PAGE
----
Financier and philanthropist Russell Sage (1815-1906) left a considerable fortune to his widow Margaret Olivia Slocum Sage (1828-1918), who established Russell Sage College for Women in his hometown, Troy, NY, established bird sanctuaries in Louisiana, and founded NYC’s Russell Sage Foundation, dedicated to research in social welfare, public health, education, government, and law. Mrs. Sage also funded this magnificent building, the magnificent First Presbyterian Church, a.k.a. The Sage Memorial Church, with its stained glass windows designed by Louis Comfort Tiffany. It was built in 1909 by Cram, Goodhue and Ferguson.

 

Feeling the heat, it was time to head for home. Making my way toward the tracks, this early 20th Century leftover on Augustina Avenue and Nameoke Street boasts a conifer in the front yard.

 

We’re edging toward the tough part of town. This Nameoke Street house has seen better times. When those times were, I don’t know.

 

I’ve seen a number of Long Island Rail Road terminals (Penn Station, Flatbush Avenue, Port Washington, even Long Island City) and by far the Far Rock terminal is the most perfunctory. Heavy metal screens protect the windows. This became the terminal when the LIRR severed the connection to what became the A train after 1956. All trace of such a connection has vanished.

I think that only the lack of a turnaround at Inwood has prevented that from being the terminal. Heading back to town, I noticed that the 5 Towns stations were anchors of busy, prosperous neighborhoods, with plenty of shops and restaurants. Here, you’re faced with an auto repairs shop across Nameoke Street when you get off.

I’ll be back to the Far Rock when it’s cooler.

6/2/13





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Categorized in: Neighborhoods Walks

40 Responses to A WALK IN FAR ROCKAWAY, Queens

  1. The unusual conifer in the background at Sage Street and Alonzo Road is actually a white pine which has been affected by Sandy. White pines across the region are struggling to survive after being dried out by strong salty winds during the storm.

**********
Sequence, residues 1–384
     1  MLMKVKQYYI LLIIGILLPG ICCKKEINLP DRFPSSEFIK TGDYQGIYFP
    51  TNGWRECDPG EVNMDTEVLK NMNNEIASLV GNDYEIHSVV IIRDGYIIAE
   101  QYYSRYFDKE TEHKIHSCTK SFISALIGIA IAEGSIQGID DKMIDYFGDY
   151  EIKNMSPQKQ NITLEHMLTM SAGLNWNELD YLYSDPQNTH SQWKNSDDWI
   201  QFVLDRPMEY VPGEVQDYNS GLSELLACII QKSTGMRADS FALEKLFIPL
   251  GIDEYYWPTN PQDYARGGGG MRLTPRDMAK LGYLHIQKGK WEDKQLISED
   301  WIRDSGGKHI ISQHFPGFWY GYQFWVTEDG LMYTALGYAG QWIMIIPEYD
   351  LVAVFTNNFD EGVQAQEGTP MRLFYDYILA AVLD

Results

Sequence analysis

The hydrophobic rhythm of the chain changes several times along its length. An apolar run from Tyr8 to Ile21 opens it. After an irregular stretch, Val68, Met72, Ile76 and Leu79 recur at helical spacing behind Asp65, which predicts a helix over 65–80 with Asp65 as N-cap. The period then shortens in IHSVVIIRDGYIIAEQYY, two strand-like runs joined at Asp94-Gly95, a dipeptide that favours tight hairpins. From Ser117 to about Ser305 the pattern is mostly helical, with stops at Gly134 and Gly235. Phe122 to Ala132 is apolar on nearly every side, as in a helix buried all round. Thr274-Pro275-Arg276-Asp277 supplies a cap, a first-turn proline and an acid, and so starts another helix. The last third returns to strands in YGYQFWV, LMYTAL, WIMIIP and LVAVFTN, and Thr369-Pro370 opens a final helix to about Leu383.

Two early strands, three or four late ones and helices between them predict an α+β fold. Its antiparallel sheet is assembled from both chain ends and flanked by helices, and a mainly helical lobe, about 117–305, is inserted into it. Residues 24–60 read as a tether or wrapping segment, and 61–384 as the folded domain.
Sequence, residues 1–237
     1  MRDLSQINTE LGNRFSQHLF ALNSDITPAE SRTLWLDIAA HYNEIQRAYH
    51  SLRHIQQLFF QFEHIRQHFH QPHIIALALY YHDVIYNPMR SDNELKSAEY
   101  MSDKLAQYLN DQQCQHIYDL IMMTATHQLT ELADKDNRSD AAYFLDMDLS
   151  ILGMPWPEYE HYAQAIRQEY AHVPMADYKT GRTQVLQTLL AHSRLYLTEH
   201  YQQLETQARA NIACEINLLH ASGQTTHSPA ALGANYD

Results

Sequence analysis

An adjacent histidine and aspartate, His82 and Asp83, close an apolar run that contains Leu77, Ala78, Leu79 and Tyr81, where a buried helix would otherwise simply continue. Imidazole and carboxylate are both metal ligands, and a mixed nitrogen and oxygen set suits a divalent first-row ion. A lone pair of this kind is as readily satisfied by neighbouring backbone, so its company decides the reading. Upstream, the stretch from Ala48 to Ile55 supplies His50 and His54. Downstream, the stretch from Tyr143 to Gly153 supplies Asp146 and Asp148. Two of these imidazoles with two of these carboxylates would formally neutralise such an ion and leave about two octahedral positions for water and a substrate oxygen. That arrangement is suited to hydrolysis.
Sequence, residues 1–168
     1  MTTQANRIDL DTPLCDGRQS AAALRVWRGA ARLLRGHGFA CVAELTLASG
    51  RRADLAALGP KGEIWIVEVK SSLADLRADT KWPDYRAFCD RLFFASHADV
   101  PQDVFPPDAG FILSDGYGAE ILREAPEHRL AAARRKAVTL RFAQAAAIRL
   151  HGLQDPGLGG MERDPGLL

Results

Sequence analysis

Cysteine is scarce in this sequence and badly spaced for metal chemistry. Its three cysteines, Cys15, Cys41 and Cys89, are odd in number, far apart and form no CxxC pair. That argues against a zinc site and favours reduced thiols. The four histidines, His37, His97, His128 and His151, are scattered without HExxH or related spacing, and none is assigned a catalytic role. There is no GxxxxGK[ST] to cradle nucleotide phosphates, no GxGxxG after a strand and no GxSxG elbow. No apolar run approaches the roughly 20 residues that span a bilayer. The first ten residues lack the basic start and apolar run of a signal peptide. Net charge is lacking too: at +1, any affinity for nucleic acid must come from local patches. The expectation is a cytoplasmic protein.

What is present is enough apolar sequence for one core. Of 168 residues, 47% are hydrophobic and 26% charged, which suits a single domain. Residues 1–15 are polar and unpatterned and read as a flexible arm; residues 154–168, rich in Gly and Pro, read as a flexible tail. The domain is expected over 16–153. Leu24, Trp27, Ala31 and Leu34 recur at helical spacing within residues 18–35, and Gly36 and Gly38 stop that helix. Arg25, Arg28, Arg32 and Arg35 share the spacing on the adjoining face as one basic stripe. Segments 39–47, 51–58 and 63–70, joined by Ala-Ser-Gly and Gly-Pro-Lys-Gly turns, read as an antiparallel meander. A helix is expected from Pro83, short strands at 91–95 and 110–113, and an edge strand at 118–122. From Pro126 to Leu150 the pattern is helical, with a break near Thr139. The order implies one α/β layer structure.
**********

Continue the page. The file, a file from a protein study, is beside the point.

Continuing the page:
2. CG Todaro says:

    Great coverage! I took some photos around Hammels a couple summers ago and would like to go back and check out these sections here also.
    Perhaps that ‘device’ on the pole was a gunshot detector?

    • ronnie G says:

      That area that you are saying [gun shot detector ]borders one of the most expensive upscale areas on the east coast with that part of Far Rockaway called West Lawrence having homes worth in the million dollar vicinity ,so yes being within a 10 minute walk to the A train subway stop & that being that the area where you have had issues in the past ,
      however with the gentrification of the area around the subway that as well is a thing of the past.

  3. joel norman says:

    FAR ROCKAWAY…Moved there in 1951 when you traveled the LIRR(my late father worked for the LIRR)he converted a summer house into all season house on Bch 6th…I attn. PS39(behind the PO)the JHS198(BCH 60TH)then rode the A train to high school in Manhatten(1959-1962).The fire house in the 1950′s had 2 ARENS-FOX piston pumpers and 2 ladder trucks,and there was a Buick dealer door,also next to the firehouse was the public library….walked or rode bikes 99% of time….before the subway came out Rockaway was a ghost town between Labor Day and May 31,only the locals!!!!Got my draft card at the PO in 1962(still have in my wallet)….and played baseball for one of the PAL teams out of the 101PCT…..